# particular soultion of a initial value problem

• Mar 4th 2008, 09:42 AM
poundedintodust
particular soultion of a initial value problem
i know this is more than likely a calculus problem but not sure if my algebra is right so hence the re posting over here. If its the wrong way to post it sorry!

Starting with:

5(d^2y/d^2x) + 4(dy/dx) + y = 0

I have find a particular solution to the initial value problem where

y(0) = -2, y'(0)=3

I know a general solution is

y = e^-0.4x(C cos0.2x + Dsin0.2x)

after finding the roots.

So substituting in the values into the derivative

y' = -0.4e^-0.4x(-0.2C sin0.2x + 0.2 D cos0.2x)

ends with 0.4C+0.2D =3

So C = 3 and D = 9

Doing the same with the general solution with x=-2

y = e^-0.4x(C cos0.2x + Dsin0.2x)

I end up with 1( C x 1 + D x 0) in other words C = -2

My confusion comes from the fact that C should be the same in both instances??

Cheers for the help
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• Mar 4th 2008, 12:31 PM
Opalg
Quote:

Originally Posted by poundedintodust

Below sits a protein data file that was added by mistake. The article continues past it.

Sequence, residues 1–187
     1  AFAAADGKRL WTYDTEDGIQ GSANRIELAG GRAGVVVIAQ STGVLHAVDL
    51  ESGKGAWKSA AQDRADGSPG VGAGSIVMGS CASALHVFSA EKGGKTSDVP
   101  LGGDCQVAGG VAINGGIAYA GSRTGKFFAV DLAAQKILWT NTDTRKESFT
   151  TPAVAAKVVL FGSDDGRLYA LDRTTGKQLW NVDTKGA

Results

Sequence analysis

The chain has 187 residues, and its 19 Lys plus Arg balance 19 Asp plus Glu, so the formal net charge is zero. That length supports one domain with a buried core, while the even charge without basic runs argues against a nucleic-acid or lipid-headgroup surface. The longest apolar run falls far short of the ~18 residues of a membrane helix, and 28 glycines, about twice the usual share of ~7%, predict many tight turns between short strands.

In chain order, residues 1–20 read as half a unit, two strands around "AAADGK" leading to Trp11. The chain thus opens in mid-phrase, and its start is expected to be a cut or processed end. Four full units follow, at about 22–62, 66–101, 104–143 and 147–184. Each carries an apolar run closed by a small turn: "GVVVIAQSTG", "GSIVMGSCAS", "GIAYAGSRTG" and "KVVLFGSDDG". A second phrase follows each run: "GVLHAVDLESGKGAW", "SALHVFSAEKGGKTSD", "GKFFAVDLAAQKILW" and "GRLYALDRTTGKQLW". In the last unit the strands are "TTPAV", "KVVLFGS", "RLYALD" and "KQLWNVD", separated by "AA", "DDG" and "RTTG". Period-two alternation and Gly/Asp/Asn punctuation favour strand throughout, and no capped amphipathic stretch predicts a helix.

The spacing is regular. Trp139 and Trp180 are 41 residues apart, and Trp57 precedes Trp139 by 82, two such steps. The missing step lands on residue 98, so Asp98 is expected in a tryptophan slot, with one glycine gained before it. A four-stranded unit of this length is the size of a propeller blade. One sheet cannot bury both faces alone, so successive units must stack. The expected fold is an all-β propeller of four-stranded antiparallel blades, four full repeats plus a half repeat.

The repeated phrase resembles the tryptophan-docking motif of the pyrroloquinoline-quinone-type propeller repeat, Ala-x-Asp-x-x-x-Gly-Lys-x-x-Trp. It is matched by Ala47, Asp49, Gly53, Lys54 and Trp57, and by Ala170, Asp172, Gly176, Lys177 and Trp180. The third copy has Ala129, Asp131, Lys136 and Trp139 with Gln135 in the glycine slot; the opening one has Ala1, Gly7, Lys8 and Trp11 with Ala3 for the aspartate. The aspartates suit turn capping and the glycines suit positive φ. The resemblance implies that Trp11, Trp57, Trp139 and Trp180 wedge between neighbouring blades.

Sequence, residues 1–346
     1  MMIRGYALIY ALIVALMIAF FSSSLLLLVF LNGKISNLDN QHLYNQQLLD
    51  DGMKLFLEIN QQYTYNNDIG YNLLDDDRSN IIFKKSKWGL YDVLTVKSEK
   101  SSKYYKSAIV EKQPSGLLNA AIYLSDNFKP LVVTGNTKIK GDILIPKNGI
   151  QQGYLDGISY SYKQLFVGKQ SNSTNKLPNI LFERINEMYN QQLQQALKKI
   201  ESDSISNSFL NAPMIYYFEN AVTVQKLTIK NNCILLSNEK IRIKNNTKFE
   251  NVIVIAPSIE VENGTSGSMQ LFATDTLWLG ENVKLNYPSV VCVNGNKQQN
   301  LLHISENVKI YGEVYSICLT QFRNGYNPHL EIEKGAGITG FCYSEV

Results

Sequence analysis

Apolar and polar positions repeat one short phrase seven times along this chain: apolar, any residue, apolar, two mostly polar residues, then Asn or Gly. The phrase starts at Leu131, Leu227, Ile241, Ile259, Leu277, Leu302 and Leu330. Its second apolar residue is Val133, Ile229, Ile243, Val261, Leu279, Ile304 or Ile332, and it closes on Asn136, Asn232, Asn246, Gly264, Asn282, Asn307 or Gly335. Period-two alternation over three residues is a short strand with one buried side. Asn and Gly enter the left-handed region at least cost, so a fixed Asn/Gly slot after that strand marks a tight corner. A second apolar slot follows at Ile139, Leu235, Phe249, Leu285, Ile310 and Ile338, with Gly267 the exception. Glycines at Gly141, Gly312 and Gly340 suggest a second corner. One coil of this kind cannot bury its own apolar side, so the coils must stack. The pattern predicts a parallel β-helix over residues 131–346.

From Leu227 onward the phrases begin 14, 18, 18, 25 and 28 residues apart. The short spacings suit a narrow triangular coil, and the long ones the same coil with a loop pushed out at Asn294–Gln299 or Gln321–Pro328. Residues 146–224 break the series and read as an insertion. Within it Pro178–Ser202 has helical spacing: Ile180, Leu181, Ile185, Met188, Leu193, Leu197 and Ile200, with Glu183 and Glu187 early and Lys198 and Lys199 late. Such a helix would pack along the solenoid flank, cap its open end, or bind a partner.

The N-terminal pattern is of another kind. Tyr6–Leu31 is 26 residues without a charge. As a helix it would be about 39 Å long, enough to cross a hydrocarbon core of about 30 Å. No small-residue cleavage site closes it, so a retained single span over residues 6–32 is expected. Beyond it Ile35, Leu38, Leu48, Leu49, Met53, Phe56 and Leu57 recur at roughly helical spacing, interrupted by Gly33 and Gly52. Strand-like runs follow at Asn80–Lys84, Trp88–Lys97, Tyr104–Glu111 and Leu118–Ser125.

Starting with:

5(d^2y/d^2x) + 4(dy/dx) + y = 0

I have find a particular solution to the initial value problem where

y(0) = -2, y'(0)=3

I know a general solution is

y = e^-0.4x(C cos0.2x + Dsin0.2x)

after finding the roots. (I haven't checked that, so I'll assume it's correct.)

So substituting in the values into the derivative

y' = -0.4e^-0.4x(-0.2C sin0.2x + 0.2 D cos0.2x)

ends with 0.4C+0.2D =3 No! What you are told is that y'(0)=3. This means that you put x=0 in the expression for y', which tells you that -0.4(0.2 D)=3 (since e^0 and cos0 are both 1, and sin0 is 0).

So C = 3 and D = 9

Doing the same with the general solution with x=-2 That should be y=-2 when x=0

y = e^-0.4x(C cos0.2x + Dsin0.2x)

I end up with 1( C x 1 + D x 0) in other words C = -2 This time you've got it right!

My confusion comes from the fact that C should be the same in both instances??

..